Currently reading: Rally veteran Bob is still full of Beans at 83
Bob Bean often tops historic rallies, despite being historic himself

If you add up the age of World Rally Championship contender Elfyn Evans, his co-driver Scott Martin and their Toyota Yaris WRC, you get to barely more than 70 years. Do the same exercise for veteran rally driver Bob Bean, his co-driver Colin ‘Captain’ Thompson and their Ford Lotus Cortina and the answer is 211. 

Bean is a legend of British rallying and shows no sign of slowing down, even though he has been rallying for 62 of his 83 years. These days, his weapon of choice is his venerable 1963 Ford Lotus Cortina, and he regularly sets the pace in Category 1 historics for pre-1968 cars. His co-driver is a mere 70 years young, and they make a formidable pair, proudly representing the People’s Democratic Republic of Yorkshire. Cleckheaton, to be precise, where they live half a mile apart.

Bean’s enduring passion for the sport makes him a standout character in British rallying, and he does it all with a typical Yorkshire sense of humour.

He and Thompson have just contested the five-day, 320-stage-mile Roger Albert Clark Rally, an event that takes it out of even drivers half Bean’s age. But the wiry Bean takes it all in his stride, calling on the experience of contesting the RAC Rally and now the Roger Albert Clark Rally more than 40 times in his remarkable career. 

A typical Bean story comes from a Roger Albert Clark Rally of a few years ago. He arrived at a service halt in fits of laughter to confess to something that could only happen to a Yorkshireman. Early in the previous special stage, he had complained that there must be a problem with the intercom, as he could barely hear the route notes being called by Thompson. When he took his crash helmet off at the end of the stage, he found that he was also still wearing his trademark flat cap, which had been pressed down over his ears by the helmet and caused the lack of information from the co-driver’s seat. 

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“I’m not only a co-driver; I’m a carer as well,” jokes Thompson about his role. “When I was 14, I delivered his milk and papers!” 

They first rallied together in their beloved Yorkshire forests in the early 1980s and have competed frequently over the following four decades.

“I certainly don’t want to stop,” says Bean. “I’ve enjoyed every event I’ve done.” That includes many attempts at the original RAC Rally and all bar the first of the 14 Roger Albert Clark Rallies to date. “It’s a way of life, and I still love it.”

Remarkably, Bean doesn’t need to wear glasses and says he loves it when the fog comes down. While most drivers over 60 dislike the fog and even special stages in the dark, Bean comes into his element when visibility is limited.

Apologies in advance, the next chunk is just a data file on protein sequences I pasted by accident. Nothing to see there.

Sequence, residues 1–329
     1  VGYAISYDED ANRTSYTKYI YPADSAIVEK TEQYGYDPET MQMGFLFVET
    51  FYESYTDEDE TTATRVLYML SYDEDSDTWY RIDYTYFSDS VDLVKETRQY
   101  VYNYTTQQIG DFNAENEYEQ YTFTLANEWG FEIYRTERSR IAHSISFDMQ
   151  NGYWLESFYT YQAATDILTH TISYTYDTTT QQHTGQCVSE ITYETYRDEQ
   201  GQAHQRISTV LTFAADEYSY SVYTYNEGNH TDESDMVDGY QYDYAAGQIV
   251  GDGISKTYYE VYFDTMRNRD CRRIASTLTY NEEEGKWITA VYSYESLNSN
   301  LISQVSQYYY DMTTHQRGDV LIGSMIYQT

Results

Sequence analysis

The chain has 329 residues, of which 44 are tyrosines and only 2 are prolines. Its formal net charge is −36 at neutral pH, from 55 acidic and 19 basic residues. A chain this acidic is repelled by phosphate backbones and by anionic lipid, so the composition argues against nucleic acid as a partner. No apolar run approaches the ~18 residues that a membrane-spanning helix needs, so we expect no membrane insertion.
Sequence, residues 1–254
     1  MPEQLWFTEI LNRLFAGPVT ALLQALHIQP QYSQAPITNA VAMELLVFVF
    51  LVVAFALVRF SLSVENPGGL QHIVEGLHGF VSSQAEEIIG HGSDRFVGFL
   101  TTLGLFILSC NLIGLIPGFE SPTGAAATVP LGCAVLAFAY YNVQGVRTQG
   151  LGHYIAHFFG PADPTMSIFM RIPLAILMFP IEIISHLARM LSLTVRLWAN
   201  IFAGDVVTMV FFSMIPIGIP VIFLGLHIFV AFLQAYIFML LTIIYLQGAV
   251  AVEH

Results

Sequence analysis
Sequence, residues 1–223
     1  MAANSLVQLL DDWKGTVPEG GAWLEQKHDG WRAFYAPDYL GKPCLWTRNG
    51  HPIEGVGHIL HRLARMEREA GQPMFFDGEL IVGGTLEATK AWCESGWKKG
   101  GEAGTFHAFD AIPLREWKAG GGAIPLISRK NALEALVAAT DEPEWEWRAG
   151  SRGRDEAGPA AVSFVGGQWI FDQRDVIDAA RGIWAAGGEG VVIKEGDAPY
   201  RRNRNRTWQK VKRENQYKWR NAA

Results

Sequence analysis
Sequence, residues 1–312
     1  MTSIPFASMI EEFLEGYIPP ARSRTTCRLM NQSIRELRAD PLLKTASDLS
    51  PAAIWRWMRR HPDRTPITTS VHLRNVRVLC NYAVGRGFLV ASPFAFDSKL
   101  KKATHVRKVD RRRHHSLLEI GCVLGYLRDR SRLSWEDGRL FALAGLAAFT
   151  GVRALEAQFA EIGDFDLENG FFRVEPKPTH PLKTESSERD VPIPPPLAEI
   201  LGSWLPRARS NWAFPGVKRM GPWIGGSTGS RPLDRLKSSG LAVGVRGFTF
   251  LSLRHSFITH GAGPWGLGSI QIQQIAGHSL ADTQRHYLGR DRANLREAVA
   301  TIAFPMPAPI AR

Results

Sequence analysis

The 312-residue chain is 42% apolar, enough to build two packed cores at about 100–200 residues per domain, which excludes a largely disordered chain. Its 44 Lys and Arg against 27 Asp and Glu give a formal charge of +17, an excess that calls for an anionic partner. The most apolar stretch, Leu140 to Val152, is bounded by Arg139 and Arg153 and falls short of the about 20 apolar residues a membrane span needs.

The top end of rallying may be a young man’s sport, but further down, older age is certainly no barrier.

Paul Lawrence

How it works: Aerodynamic testing limits in Formula 1

Success handicaps in motorsport tend to revolve around weight ballast or playing with power in sports car racing’s Balance of Performance formulas. Formula 1 has taken a more subtle approach. A sliding scale of aerodynamic testing periods (ATPs) has been introduced this year, with the most successful teams allowed less aero development, including wind-tunnel time, than those at the back. The year is split into six ATPs, with teams having to report to the FIA on their work completed at the end of each. 

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Such restrictions have been in place in F1 for years, but the difference now is the limits on detailed areas are different for each team depending on recent results. On 30 June this season, which equated to the end of the third of the six annual ATPs, the sliding scale was adjusted based on race results for the opening races. The system is well policed and is generally accepted as a sensible, subtle means to balance F1 teams’ performance.

Motorsport greats: Tony Dron

Along with Sir Frank Williams, we’ve bid adieu in recent weeks to another towering figure in motorsport. Beanpole Tony Dron was fast in single-seaters but at least a foot too tall for them. So he shone instead in cars with roofs, winning his British Saloon Car Championship class twice driving Triumph Dolomites and doing Le Mans four times. In 43 seasons between 1968 and 2011, Dron won in 41 different cars. But what really made him stand out was how well he could write about them, too. A fine journalist, he was sports editor for Motor and editor of Classic Cars – and in recent years, when illness took hold, still took the time to correspond with Autocar on matters of the sporting moment. He died on 16 November, aged 75. His enthusiasm, good humour and sharp opinions mean he is sadly missed.

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